Should I Be Worried if My Dog Ate the Plastic Wrapper Around the Bread?
If you know or suspect that your dog also ate the plastic wrapper around a loaf of bread, take them to a vet immediately.
Sometimes, your dog might be able to pass the plastic easily; you may even find some of it in the dog’s stool later. However, swallowing a wrapper can cause a foreign body obstruction: in other words, the wrapper can become stuck somewhere in your dog’s digestive system, which can result in anything from constipation and vomiting to tissue necrosis and death. A foreign body obstruction can not only prevent your dog’s digestive system from working properly but can also restrict blood flow to the rest of the body, and just like GDV, it can be fatal.
If your dog ate plastic—or even if you think there’s a possibility they may have—bring them to the vet. Your veterinarian will likely want to do a physical examination and may also recommend X-rays, blood, and urine tests. If the vet determines that nothing is wrong, they may let your dog go home immediately. In other cases, they may ask your dog to stay for observation for a period of a few hours or days. However, in cases where surgery is warranted, quickly taking your dog to the vet can mean the difference between life and death.
Are Some Types of Bread More Dangerous for Dogs Than Others?
Bread in and of itself isn’t poisonous for dogs, and as mentioned above, many dogs can have a slice or two (or even a loaf) with no long-lasting side-effects. However, some types of bread contain other ingredients that can be extremely dangerous for a dog to ingest. These include, but are not limited to:
- Garlic bread: garlic, like chives, shallots, and onions, is a member of the onion (or Allium) genus and contains an organosulfur compound that can cause Heinz body formations, which in turn cause anemia.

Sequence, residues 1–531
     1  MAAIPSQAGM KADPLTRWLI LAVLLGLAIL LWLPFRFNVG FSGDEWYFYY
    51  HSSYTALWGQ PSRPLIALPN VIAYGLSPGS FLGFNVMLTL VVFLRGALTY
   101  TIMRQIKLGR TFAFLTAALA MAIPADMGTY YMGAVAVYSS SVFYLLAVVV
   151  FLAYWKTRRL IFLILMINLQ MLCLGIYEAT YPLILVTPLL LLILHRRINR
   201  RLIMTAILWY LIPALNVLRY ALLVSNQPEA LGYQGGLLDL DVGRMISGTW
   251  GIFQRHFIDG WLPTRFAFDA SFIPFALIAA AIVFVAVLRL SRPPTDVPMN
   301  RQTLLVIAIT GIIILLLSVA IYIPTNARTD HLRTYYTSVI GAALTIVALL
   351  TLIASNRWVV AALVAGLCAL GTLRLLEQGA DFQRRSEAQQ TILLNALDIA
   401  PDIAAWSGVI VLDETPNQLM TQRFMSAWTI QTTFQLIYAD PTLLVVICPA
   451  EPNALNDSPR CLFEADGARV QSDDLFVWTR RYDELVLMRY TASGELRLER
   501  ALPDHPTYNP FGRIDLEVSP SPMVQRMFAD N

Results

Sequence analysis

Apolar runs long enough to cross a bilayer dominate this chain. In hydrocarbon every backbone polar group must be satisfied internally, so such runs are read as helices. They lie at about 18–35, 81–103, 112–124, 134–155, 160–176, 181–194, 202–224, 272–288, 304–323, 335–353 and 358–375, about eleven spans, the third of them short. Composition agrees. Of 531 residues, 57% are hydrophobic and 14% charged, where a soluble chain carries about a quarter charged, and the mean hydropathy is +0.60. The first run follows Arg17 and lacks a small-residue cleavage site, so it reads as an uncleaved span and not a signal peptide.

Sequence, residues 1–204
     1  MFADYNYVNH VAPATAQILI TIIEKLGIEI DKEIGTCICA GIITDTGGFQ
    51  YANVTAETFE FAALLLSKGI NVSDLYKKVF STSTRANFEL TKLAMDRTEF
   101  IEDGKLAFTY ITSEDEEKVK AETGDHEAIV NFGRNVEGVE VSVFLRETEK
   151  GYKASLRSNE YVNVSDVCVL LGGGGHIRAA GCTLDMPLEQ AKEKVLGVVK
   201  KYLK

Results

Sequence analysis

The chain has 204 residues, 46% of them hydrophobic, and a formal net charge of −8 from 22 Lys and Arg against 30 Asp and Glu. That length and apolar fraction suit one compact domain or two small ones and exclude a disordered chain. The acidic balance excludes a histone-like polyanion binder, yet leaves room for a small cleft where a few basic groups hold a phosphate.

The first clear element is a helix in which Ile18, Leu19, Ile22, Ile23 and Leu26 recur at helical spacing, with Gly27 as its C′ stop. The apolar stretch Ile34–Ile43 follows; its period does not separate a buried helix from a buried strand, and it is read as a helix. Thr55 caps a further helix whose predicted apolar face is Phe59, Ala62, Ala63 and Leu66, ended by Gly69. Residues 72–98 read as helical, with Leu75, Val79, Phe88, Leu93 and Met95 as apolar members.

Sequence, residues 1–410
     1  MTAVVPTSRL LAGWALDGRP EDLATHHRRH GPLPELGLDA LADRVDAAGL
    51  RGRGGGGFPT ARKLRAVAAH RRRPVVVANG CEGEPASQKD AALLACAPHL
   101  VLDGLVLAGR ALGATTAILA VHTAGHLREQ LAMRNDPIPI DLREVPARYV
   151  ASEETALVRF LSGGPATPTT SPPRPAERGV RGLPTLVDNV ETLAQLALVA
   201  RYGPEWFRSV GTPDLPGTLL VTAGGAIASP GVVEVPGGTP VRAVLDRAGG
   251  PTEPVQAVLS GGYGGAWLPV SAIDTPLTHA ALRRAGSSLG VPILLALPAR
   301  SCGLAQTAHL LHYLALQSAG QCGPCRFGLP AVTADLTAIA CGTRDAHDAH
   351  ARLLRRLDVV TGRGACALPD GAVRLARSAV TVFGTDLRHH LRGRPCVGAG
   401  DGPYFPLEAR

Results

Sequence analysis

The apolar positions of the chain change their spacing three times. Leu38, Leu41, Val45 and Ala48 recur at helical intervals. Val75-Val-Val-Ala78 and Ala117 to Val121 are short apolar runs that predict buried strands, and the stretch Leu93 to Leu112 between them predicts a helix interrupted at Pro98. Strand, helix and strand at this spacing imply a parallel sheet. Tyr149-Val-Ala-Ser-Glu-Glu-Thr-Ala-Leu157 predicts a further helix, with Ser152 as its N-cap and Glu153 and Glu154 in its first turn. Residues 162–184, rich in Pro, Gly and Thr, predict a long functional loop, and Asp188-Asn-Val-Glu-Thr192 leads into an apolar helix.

- Raisin bread: raisins are extremely toxic to dogs, and too many raisins can result in kidney failure and death.
- Some nut breads: while some nuts (like peanuts) are okay for dogs to consume in small quantities, the high-fat content in nuts can make them dangerous in larger portions. Additionally, some nuts, like macadamia nuts, are toxic for dogs.
- Dough: most of us know that dough expands after sitting for a few hours. Unfortunately, it can expand in a dog’s belly, too. If your dog eats raw dough, immediately take them to the veterinarian.
Can I feed my adult dog an occasional slice of bread?
You can probably feed your dog a slice of bread now and then: as we mentioned above, bread isn’t inherently toxic to dogs. But limit it to a small, occasional treat, and keep an eye on your dog the first few times you feed them bread to err on the side of caution.
Can I feed my puppy an occasional slice of bread?
No, you should avoid giving puppies bread. Because their stomachs are so small, their digestive systems will have a much harder time handling bread products than an adult dog would.
My dog is drinking a lot after eating bread. Is that normal?
Eating too much bread can make your dog feel dehydrated, so if your dog chows down on an entire loaf, you may find them gulping down whole bowlfuls of water later. Increased water consumption is normal, but be on the lookout for other symptoms as well.
My dog ate a hamburger bun. Will it be okay?
Hamburger buns contain similar ingredients found in most other types of bread, so if your dog eats a single bun, they’ll likely be fine. Again, though, keep an eye on them for the next 48-72 hours just in case.
Can dogs eat pizza?
Pizza crust, like most bread, should be fine for your dog in small, occasional amounts. However, the pizza toppings themselves can be problematic. For example, if your dog just ate a slice of pizza with sliced onion (which, like garlic, is part of the Allium genus), monitor them closely for signs of distress and be ready to take them to the vet if necessary.